Greenlight Image/Valve Corp.

Judge Wants Evidence Discovery Creators Saw Game


Schedule Set for Tardigrades Developer to File Third Legal Complaint, and to Deal With Motion to Dismiss

NEW YORK — A federal judge ruled January 8, 2019, that the first thing to prove about copyright infringement allegations against the creators of Star Trek: Discovery is how they learned about the Tardigrades game.

Attorneys for the plaintiff, game developer Anas Abdin, met with their opponents representing CBS and Netflix for the first time before U.S. District Judge Lorna G. Schofield.

Pre-Motion Conference

The judge called for the conference to hear why she should entertain a motion to dismiss the case that is expected to be filed by the defendants.

Federal Judge Lorna G. Schofield

Third Amended Complaint

Following that meeting in her chambers, Schofield approved a request by Abdin’s lawyers to submit a third amended legal complaint against CBS and Netflix, giving the plaintiff another chance to address potential weaknesses in his case. That complaint was to be filed within a week, by January 15.

Schofield went on to set filing deadlines — with strict page limits — for the expected dismissal motion and its responses.

Serving Truth and Justice

On his blog, Abdin described the meeting as having “very positive outcomes that help find the truth and serve justice.” He said, “The defendants’ request to dismiss the case based on it being a ‘frivolous claim’ was not entertained by the judge.”1)

While that term may have been used in the meeting, it had not appeared in any of CBS’ legal documents filed to date, its lawyer instead preferring to describe the suit as “meritless.”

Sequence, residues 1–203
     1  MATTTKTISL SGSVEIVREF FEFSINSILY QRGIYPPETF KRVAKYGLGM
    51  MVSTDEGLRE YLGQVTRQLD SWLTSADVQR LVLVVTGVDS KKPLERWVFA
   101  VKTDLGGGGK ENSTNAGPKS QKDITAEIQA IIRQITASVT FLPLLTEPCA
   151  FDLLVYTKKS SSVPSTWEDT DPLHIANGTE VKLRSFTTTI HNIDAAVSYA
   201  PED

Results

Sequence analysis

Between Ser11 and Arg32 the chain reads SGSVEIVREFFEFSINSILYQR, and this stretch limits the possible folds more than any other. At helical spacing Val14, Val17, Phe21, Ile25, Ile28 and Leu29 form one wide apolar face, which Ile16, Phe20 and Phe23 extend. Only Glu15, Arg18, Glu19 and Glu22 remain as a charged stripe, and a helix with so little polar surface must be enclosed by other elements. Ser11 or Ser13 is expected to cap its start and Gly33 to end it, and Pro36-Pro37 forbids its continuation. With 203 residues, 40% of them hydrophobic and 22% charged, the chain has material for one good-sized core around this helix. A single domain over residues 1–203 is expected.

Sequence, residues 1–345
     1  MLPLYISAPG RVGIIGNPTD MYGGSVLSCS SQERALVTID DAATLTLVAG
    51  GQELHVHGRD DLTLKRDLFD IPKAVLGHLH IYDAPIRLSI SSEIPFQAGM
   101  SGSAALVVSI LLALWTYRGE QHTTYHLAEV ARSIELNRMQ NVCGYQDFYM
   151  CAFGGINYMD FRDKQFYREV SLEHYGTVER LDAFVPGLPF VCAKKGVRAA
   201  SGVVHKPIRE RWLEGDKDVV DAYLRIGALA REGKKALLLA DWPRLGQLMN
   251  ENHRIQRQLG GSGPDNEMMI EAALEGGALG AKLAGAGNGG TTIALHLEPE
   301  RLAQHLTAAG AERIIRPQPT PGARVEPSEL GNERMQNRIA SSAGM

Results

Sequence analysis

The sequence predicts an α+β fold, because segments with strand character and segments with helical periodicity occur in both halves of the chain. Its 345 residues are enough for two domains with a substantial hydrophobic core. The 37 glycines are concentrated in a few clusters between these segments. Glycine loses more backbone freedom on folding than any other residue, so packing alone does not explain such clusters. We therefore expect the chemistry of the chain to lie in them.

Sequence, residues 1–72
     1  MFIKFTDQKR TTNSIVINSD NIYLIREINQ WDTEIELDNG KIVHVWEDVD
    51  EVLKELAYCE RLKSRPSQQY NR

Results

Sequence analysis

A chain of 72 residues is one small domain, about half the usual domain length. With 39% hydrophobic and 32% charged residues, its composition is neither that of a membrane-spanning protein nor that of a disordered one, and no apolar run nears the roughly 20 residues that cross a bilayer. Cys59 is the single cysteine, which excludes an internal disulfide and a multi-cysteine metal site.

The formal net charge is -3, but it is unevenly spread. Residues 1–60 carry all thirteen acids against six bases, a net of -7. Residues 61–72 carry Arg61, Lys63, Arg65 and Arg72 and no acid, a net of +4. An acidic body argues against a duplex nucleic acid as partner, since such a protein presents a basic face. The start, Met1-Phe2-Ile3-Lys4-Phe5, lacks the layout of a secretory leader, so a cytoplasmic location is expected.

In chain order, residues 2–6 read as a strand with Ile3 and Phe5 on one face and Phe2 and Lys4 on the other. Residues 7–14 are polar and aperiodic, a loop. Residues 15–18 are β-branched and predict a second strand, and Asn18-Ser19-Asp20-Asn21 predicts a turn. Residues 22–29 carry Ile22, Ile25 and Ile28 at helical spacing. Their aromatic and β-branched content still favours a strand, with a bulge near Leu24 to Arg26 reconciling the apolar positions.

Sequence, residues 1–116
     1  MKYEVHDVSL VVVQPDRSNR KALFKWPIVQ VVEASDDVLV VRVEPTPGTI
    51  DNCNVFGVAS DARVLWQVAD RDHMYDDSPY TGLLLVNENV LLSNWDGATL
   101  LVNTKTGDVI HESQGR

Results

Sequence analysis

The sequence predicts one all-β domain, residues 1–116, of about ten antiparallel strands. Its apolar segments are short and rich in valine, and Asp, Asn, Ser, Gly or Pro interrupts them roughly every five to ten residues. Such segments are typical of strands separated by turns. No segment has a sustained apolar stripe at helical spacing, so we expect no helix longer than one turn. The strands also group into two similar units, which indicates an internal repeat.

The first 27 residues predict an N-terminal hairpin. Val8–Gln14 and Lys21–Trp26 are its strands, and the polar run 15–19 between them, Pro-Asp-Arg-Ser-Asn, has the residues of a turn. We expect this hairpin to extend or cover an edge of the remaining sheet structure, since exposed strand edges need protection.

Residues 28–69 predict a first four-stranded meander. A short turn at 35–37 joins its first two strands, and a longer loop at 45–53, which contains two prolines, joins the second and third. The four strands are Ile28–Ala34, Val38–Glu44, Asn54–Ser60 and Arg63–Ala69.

STEAM-y Discovery

The judge also ordered immediate but limited discovery to begin in the case centering on the plaintiff’s claim Discovery‘s creators knew about the Tardigrades game before or during development of the new Star Trek series.

Fact discovery shall be completed no later than [March 19] on the limited issue of whether defendants accessed or viewed plaintiff’s work on the “STEAM” website and any action or activity with respect to that viewing, including voting.2)

What is Steam? Steam is a digital distribution platform developed by Valve Corp. for purchasing and playing video games. Steam offers video streaming and social networking services.
Steam installs and automatically updates its games, providing users with installation and automatic updating of games, as well as offering community features such as friends lists and groups, cloud saving, and in-game voice and chat functionality.

In his legal complaint Abdin alleged that because details about his still-unpublished videogame were posted starting in 2014 on the popular game development website, Steam, Discovery‘s producers must have learned about it and copied elements for use in the television series that debuted in September 2017.